Dissociation (Chemistry) – Definition and Examples

Dissociation Chemistry
In chemistry, dissociation is a chemical reaction where a compound breaks into two or more parts.

In chemistry, dissociation is a chemical reaction in which a molecule or compound breaks into smaller pieces, such as ions, atoms, or radicals. For example, hydrochloric acid (HCl) dissociates in water, forming the H+ and Cl ions. Usually, dissociation is a reversible process. The reverse of dissociation is association or recombination.

Dissociation Formula

The general formula for a dissociation is reaction is:

AB ⇄ A + B

Note the reaction arrow, indicating the reaction is reversible. Most of the time, the reaction forms cations and anions:

AB ⇄ A+ + B

Breaking into more than two pieces occurs in some compounds.

Dissociation Reaction Examples

Here are examples of dissociation reactions:

  • NaCl(s) ⇄ Na+(aq) + Cl(aq)
  • HCl ⇄ H+(aq) + Cl(aq)
  • H2SO4 ⇄ 2H+(aq) + SO42-(aq)
  • Fe2(SO4)3(s) ⇄ 2Fe3+(aq) + 3SO42-(aq)
  • 2 H2O ⇄ H3O+ + OH

When a molecular dissociation forms ionic products, another name for the reaction is an ionization. By convention, water is not listed as a product for reactions in aqueous solution. Instead, the abbreviation (aq) follows the product formula.

Gases also undergo dissociation. For example, dinitrogen tetroxide (N2O4) dissociates in nitrogen dioxide (NO2), forming an electrically neutral product:

N2O4 ⇄ 2 NO2

Some compounds have options regarding dissociation, and can form a variety of products. For example azo-t-butane undergoes three possible dissociation reactions, forming ionized butene, the t-butyl cation plus a neutral radical, or a different cation plus a neutral t-butyl radical.

Dissociation Constant

If all of a compound dissociates, this is complete dissociation. Strong electrolytes undergo complete dissociation in water. Examples of strong electrolytes include strong acids, strong bases, and salts. However, incomplete dissociation is common. Incomplete dissociation results in mixture that contains some of the original compound, as well as some smaller particles. Incomplete dissociation occurs with weak electrolytes. Weak electrolytes include weak acids and bases and more organic compounds.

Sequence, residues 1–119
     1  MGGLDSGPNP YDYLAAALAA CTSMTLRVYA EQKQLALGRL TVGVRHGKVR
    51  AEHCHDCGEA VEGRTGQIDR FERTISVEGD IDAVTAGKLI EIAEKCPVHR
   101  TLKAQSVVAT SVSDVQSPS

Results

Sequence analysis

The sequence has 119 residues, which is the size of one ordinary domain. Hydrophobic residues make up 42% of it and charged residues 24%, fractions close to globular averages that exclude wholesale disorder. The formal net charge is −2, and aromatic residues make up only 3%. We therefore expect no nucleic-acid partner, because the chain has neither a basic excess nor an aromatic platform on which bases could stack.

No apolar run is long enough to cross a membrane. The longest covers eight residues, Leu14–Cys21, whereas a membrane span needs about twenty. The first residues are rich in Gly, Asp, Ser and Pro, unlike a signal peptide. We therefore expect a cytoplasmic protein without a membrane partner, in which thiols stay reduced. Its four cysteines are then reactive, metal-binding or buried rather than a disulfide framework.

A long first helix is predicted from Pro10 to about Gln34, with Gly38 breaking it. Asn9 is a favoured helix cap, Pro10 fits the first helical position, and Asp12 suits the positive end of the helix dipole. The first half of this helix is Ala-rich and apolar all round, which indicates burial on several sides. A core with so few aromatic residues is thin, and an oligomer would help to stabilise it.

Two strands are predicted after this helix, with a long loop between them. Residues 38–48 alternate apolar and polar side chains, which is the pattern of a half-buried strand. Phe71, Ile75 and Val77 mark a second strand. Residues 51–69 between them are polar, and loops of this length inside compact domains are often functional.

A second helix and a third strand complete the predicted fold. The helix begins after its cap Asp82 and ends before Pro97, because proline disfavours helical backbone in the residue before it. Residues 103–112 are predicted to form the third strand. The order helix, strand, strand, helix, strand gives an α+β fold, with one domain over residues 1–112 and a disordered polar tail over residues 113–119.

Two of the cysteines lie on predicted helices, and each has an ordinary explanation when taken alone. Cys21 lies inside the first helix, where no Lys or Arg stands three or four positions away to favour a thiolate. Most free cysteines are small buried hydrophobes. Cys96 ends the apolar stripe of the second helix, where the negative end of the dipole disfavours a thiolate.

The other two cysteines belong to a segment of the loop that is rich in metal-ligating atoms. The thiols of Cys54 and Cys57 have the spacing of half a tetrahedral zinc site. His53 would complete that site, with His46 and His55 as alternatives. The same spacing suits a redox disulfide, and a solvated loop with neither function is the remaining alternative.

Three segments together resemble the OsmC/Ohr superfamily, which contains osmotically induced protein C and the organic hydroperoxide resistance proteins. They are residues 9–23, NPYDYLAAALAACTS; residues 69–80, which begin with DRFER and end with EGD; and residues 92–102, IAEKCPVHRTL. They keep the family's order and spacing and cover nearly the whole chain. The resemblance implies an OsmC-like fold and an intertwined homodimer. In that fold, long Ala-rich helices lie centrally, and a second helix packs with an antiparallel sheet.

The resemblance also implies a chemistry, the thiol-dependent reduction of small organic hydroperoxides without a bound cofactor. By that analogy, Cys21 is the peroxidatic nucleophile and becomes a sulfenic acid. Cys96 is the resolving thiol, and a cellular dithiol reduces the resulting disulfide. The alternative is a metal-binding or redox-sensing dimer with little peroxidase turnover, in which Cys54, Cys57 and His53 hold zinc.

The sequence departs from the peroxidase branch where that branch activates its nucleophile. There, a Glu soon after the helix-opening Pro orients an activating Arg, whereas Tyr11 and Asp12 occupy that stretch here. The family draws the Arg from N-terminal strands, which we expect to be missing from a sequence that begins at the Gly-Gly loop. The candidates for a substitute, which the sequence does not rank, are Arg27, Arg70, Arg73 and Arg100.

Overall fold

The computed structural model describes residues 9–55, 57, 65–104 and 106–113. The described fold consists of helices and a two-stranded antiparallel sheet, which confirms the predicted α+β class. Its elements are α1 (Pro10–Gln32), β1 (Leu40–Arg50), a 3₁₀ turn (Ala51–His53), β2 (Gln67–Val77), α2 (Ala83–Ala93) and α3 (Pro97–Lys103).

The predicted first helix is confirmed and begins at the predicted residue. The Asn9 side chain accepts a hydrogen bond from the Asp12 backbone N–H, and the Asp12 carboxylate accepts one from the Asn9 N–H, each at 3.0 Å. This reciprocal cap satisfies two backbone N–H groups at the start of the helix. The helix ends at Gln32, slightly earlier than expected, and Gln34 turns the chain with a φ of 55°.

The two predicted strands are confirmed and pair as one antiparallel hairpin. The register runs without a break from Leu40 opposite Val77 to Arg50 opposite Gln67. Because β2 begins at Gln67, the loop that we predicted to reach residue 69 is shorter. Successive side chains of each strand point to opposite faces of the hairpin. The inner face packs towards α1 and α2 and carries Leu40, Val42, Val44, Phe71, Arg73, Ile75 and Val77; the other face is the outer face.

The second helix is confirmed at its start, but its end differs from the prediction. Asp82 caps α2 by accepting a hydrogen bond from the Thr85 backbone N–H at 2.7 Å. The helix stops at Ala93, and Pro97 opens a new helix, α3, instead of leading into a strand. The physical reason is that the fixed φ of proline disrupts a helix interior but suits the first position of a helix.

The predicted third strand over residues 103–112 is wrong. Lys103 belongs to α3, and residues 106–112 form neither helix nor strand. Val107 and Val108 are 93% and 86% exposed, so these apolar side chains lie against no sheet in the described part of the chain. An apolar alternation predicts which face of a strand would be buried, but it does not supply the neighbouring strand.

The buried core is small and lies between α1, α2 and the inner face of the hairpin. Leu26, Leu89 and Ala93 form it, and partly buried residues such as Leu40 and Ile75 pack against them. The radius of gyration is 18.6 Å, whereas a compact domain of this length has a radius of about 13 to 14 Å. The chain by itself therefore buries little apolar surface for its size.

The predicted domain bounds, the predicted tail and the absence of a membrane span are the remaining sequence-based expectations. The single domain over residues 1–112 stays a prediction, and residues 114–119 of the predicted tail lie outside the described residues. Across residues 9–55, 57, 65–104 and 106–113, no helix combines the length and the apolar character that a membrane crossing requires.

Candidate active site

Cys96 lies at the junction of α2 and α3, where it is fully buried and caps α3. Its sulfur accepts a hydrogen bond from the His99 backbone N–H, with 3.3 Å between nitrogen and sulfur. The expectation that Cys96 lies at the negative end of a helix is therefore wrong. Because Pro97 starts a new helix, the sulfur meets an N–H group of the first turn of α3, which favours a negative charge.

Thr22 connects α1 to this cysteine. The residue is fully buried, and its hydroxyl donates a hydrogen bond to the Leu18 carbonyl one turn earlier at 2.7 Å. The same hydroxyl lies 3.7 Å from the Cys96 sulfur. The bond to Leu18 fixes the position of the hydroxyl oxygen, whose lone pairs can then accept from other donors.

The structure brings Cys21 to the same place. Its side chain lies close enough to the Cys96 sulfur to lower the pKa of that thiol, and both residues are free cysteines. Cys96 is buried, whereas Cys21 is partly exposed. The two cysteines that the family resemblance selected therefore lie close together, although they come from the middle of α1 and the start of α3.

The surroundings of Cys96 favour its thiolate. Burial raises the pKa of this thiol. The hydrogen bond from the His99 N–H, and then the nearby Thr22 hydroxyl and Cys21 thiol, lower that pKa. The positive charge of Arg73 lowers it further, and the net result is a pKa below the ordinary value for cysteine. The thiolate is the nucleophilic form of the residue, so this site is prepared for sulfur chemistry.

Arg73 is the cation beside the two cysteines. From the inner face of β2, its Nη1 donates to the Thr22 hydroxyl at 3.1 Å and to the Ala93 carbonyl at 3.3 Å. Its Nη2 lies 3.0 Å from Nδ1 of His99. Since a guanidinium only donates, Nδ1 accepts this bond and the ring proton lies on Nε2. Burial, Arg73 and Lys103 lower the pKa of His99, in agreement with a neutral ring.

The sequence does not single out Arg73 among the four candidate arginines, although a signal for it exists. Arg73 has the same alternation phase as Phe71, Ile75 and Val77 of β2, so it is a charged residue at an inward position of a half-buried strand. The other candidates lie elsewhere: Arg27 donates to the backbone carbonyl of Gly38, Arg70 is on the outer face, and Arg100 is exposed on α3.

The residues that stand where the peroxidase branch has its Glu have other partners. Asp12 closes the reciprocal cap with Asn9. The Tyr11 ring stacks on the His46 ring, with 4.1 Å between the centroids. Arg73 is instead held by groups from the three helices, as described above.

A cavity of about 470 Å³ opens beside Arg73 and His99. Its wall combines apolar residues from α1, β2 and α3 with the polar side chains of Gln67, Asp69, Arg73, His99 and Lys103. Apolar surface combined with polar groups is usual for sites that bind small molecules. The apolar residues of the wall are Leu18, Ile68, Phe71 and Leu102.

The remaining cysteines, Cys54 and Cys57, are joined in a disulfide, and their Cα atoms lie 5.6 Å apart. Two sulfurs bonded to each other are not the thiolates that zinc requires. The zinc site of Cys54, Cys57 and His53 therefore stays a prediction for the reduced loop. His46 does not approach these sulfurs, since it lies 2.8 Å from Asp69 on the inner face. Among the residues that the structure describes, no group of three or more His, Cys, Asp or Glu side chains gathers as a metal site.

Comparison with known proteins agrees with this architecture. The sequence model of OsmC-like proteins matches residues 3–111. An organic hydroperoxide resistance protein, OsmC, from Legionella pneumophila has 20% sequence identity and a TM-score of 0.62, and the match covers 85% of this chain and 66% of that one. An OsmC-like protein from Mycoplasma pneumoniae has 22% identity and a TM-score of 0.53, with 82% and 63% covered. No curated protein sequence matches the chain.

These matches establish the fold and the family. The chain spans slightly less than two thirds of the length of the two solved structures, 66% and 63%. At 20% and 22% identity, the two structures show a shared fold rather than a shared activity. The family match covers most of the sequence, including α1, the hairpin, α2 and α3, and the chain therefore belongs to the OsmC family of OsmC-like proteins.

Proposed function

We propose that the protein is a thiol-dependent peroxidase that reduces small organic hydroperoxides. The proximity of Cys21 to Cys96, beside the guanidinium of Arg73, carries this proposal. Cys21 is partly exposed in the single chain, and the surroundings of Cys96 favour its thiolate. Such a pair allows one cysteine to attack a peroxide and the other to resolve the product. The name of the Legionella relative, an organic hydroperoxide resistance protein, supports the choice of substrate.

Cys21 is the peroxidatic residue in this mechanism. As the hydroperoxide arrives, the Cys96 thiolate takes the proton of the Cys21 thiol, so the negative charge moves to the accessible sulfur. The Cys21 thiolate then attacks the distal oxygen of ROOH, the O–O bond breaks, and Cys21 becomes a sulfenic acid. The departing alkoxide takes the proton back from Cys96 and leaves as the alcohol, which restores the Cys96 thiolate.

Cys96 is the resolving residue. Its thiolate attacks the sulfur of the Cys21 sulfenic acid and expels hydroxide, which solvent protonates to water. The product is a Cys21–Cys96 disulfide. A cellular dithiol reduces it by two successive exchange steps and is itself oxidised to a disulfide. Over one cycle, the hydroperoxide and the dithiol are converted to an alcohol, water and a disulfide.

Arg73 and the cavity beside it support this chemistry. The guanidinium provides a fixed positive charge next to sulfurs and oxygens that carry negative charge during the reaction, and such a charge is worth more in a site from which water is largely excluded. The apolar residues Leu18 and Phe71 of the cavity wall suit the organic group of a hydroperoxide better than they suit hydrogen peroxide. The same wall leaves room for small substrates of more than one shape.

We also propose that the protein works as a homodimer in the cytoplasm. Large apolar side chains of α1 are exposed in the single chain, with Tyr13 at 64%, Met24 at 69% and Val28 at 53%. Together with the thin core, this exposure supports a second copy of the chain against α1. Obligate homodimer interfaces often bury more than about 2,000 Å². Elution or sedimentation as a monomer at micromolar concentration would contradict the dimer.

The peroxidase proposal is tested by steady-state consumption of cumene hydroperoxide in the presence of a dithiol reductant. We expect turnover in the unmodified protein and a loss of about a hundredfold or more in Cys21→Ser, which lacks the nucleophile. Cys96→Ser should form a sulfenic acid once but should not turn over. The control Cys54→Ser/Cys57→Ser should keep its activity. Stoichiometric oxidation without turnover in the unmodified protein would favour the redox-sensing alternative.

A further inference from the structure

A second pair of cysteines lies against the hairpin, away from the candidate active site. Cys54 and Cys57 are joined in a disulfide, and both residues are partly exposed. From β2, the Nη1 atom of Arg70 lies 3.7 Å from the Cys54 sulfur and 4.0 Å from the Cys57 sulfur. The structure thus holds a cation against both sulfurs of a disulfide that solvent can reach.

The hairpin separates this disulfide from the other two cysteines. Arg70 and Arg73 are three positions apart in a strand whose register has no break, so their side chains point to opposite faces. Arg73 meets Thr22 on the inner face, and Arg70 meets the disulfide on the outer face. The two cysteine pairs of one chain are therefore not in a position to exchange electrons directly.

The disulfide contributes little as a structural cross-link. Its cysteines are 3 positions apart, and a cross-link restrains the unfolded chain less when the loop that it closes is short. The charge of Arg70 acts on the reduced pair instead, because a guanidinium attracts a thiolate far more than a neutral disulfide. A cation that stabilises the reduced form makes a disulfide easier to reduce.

Solubility affects the amount of dissociated product. For example, some salts a nearly insoluble, yet are strong electrolytes. For example, silver chloride (AgCl) is a strong electrolyte, yet it is practically insoluble in water. A saturated AgCl solution only contains around 1.3 x 10-5 M of Ag+ and Cl ions!

The degree of dissociation (α) is the fraction of a compound that breaks into its components. So, for example, complete dissociation has a degree of dissociation of 1. If half of a compound dissociation, the degree of dissociation is 0.5. If no dissociation occurs, the degree of dissociation is 0.

The van’t Hoff factor (i describes the relationship between the degree of dissociation (α) and the number of moles of particles formed (n):

i = 1 + α(n – 1)

For example, consider the dissociation of sodium chloride:

NaCl ⇄ Na+ + Cl

One mole of NaCl yields two moles of products (1 mole Na+ plus 1 mole Cl). So, n = 2.

i = 1 + α(n – 1) = 1 + α(2 – 1) = 1 + α
α = i – 1

Dissociation Constant

For a reversible dissociation at chemical equilibrium, the dissociation constant (Kd) is the ratio of dissociated compound too undissociated compound. The brackets indicate the equilibrium concentration of each chemical species.

AB ⇄ A + B

Kd = [A][B] / [AB]


  • Atkins, P.; de Paula, J. (2006). Physical Chemistry (8th ed.). W.H. Freeman. ISBN 978-0-7167-8759-4.
  • Laidler, K.J. (1978). Physical Chemistry with Biological Applications. Benjamin/Cummings. ISBN 978-0-8053-5680-9.
  • Petrucci, Ralph H.; Harwood, William S.; Herring, F. Geoffrey (2002). General Chemistry: Principles and Modern Applications (8th ed.). Upper Saddle River, N.J: Prentice Hall. ISBN 978-0-13-014329-7.